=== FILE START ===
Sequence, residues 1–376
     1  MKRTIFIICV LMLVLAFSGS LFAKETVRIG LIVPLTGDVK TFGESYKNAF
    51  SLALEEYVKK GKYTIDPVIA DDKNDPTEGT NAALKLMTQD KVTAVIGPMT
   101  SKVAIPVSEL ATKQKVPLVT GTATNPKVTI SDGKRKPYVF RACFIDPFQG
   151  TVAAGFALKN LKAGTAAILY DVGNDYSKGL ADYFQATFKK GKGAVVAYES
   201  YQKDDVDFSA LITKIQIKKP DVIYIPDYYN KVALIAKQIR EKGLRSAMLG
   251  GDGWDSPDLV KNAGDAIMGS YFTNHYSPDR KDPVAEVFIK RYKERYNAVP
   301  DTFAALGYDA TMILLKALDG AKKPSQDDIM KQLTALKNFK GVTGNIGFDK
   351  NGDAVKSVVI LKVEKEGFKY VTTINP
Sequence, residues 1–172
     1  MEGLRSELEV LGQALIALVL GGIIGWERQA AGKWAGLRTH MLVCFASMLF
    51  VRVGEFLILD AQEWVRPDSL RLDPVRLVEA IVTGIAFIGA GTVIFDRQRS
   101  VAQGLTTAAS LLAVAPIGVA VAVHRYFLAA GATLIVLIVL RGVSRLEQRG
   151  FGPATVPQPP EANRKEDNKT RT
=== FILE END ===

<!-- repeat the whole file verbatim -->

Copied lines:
Sequence, residues 1–376
     1  MKRTIFIICV LMLVLAFSGS LFAKETVRIG LIVPLTGDVK TFGESYKNAF
    51  SLALEEYVKK GKYTIDPVIA DDKNDPTEGT NAALKLMTQD KVTAVIGPMT
   101  SKVAIPVSEL ATKQKVPLVT GTATNPKVTI SDGKRKPYVF RACFIDPFQG
   151  TVAAGFALKN LKAGTAAILY DVGNDYSKGL ADYFQATFKK GKGAVVAYES
   201  YQKDDVDFSA LITKIQIKKP DVIYIPDYYN KVALIAKQIR EKGLRSAMLG
   251  GDGWDSPDLV KNAGDAIMGS YFTNHYSPDR KDPVAEVFIK RYKERYNAVP
   301  DTFAALGYDA TMILLKALDG AKKPSQDDIM KQLTALKNFK GVTGNIGFDK
   351  NGDAVKSVVI LKVEKEGFKY VTTINP
Sequence, residues 1–172
     1  MEGLRSELEV LGQALIALVL GGIIGWERQA AGKWAGLRTH MLVCFASMLF
    51  VRVGEFLILD AQEWVRPDSL RLDPVRLVEA IVTGIAFIGA GTVIFDRQRS
   101  VAQGLTTAAS LLAVAPIGVA VAVHRYFLAA GATLIVLIVL RGVSRLEQRG
   151  FGPATVPQPP EANRKEDNKT RT